Advanced science.  Applied technology.


What it Takes to Build the World’s Largest Industrial Robot

The typical person probably doesn’t wake up in the morning with an idea to build a 20-ton robot, standing five stories, wielding a 20 kW laser, and yet we did exactly that with the Laser Coating Removal Robot (LCR). This post, unfortunately, will not discuss the enormous robots you see in sci-fi movies. Instead, it covers large-scale industrial robots intentionally designed for manufacturing, construction, and other large workspace applications.

Industrial robots come in all different shapes and sizes depending on the intended use and application. One of the most common industrial robots features a standard six-axis robotic arm with an approximate 1.5-meter reach, which works well for a range of applications. But once the application drives the need for robots to become very small or very large, there are typically no commercially available robot products or solutions available. Southwest Research Institute develops and works with the traditional six-axis solutions, but we also specialize in custom large robotics for new and unaddressed applications.

Industrial applications have a wide array of requirements and needs as such, hardware is often sized appropriately. The graphic below is a visual representation of the size of the robotic hardware. Smaller crawling or flying robots are typically on the order of several pounds while our largest robots are more than 60 tons.

five images showing the size of robotic hardware from smaller crawling/flying robots to 60 ton robots

The Case for a Massive Robot

You might wonder why we would build large robots. For us and our clients there are very compelling reasons beyond the coolness factor. In the case of the LCR, we needed to help our client develop a solution to address the full range of aircraft sizes, coatings, colors, and substrates on a broad range of defense and commercial aircraft, from fighter jets and helicopters to cargo planes.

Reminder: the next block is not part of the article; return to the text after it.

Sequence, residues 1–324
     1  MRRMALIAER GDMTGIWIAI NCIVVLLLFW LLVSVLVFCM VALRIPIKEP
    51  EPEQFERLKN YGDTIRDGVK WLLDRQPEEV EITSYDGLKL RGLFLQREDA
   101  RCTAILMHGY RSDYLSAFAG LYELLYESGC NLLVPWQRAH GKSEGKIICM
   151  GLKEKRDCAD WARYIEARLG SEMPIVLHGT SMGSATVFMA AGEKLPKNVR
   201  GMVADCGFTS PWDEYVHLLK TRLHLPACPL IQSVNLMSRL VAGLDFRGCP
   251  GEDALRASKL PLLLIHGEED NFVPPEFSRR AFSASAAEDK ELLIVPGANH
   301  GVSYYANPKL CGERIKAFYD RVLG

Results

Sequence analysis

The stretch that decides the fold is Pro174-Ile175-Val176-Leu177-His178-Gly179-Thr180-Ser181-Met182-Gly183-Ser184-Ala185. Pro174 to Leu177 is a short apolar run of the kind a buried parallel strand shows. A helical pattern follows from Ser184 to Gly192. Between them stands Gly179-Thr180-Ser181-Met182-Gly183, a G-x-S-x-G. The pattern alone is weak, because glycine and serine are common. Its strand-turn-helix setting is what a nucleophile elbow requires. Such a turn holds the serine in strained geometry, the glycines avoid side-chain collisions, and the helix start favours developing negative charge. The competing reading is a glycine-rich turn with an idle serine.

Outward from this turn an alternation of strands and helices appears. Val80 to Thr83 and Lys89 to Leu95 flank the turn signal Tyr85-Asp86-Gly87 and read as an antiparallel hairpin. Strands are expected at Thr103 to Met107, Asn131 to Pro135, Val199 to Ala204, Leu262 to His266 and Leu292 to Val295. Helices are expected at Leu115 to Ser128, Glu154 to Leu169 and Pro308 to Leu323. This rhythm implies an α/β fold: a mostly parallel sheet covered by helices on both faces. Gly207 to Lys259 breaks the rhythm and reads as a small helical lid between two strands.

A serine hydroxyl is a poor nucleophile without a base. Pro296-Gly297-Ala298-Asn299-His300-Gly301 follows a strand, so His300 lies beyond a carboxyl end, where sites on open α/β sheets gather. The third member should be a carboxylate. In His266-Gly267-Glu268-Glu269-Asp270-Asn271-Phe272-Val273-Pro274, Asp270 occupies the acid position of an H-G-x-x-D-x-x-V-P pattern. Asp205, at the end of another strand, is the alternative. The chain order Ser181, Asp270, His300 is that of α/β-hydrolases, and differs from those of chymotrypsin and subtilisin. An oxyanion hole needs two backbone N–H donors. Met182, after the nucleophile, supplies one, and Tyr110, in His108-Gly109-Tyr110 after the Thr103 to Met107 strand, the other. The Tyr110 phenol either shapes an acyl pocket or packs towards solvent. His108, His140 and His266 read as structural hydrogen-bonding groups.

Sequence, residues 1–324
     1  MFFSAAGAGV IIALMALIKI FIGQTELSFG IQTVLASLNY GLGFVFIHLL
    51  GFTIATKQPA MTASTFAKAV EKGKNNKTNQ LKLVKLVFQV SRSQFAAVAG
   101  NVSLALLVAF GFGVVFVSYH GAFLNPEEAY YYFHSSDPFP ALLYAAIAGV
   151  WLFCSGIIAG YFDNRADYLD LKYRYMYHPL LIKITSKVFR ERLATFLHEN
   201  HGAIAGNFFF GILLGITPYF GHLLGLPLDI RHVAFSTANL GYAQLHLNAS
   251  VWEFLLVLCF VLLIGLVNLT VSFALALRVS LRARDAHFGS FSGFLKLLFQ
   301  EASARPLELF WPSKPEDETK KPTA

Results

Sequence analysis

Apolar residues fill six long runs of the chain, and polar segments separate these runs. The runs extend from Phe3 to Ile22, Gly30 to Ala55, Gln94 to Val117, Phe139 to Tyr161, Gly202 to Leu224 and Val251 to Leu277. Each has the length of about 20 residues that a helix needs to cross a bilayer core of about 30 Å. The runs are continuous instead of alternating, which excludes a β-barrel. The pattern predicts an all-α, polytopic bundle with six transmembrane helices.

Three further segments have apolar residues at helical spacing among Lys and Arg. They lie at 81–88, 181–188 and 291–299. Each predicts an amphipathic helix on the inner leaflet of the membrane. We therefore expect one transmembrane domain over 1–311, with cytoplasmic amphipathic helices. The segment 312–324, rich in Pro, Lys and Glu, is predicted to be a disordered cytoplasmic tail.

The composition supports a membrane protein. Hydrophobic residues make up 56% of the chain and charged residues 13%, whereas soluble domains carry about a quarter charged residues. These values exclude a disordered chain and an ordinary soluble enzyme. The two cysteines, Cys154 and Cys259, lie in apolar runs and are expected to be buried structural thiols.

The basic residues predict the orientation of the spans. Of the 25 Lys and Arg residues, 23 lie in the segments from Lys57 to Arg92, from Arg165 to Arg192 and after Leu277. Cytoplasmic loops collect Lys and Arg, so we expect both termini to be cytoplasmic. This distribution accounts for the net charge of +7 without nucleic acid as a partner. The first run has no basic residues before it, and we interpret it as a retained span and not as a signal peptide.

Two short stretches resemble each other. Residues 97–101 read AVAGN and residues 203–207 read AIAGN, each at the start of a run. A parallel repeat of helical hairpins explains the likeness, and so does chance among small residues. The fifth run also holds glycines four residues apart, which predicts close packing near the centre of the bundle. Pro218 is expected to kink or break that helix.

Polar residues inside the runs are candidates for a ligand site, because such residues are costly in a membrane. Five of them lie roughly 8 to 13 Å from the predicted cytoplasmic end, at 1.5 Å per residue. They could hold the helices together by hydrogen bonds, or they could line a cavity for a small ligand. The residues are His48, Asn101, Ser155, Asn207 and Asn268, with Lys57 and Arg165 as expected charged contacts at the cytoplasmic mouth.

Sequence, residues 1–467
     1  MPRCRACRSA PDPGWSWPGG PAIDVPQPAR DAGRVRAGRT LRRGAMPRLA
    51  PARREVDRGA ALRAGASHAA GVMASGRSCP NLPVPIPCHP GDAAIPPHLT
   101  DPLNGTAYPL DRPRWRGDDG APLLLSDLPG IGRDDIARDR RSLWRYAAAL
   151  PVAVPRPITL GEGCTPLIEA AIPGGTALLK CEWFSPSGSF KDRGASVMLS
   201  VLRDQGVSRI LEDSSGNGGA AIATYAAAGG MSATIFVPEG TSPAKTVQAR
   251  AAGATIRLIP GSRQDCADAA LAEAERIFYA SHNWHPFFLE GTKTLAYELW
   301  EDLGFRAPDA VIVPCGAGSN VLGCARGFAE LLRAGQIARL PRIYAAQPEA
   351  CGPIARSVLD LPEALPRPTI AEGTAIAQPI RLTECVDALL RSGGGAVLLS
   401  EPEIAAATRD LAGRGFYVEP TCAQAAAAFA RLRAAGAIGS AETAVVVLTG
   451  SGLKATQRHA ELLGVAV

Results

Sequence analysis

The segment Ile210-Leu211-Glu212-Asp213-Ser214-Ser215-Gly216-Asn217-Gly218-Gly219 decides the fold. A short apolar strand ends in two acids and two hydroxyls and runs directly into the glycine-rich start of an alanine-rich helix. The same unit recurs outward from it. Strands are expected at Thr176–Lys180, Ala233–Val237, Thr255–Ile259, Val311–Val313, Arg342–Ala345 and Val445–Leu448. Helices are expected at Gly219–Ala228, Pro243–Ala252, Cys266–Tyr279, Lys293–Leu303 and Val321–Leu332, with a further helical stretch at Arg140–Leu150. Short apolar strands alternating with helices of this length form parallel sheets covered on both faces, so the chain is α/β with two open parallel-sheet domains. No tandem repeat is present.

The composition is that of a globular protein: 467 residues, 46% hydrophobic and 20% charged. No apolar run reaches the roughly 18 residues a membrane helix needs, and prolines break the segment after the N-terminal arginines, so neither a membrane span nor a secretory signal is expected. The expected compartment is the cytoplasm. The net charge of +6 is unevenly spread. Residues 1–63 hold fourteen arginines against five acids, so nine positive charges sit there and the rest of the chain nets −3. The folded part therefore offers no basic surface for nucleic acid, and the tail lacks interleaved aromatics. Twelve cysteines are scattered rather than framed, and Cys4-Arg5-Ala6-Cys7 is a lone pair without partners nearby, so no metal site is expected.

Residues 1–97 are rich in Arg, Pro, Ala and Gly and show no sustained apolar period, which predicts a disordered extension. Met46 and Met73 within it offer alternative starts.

illustration depicting a robotic arm performing under-wing sanding on military aircraft.

Mobile sanding robot with extended reach.

Blue robot comprised of two segments - the first is vertical with XYREC in white lettering; the second is horizontal to the ground with a laser attached. The robot is using a laser to remove an aircraft coating

Laser Coating Removal Robot (50 feet tall).

When addressing the reach requirements and process integration for the largest aircraft, which can stand nearly 100 feet tall with wingspans more than 200 feet, an aircraft-sized robot was the leading solution. There were several possible approaches but, in the end, the requirements necessitated a giant mobile robot.

Here are some key aspects to consider when looking at a large workpiece:

  • The application is simply larger than standard robot reach:

    • Many objects in industry are much larger than the standard robot reach.

    • Complex geometry of workpieces may require more axes or flexibility to access.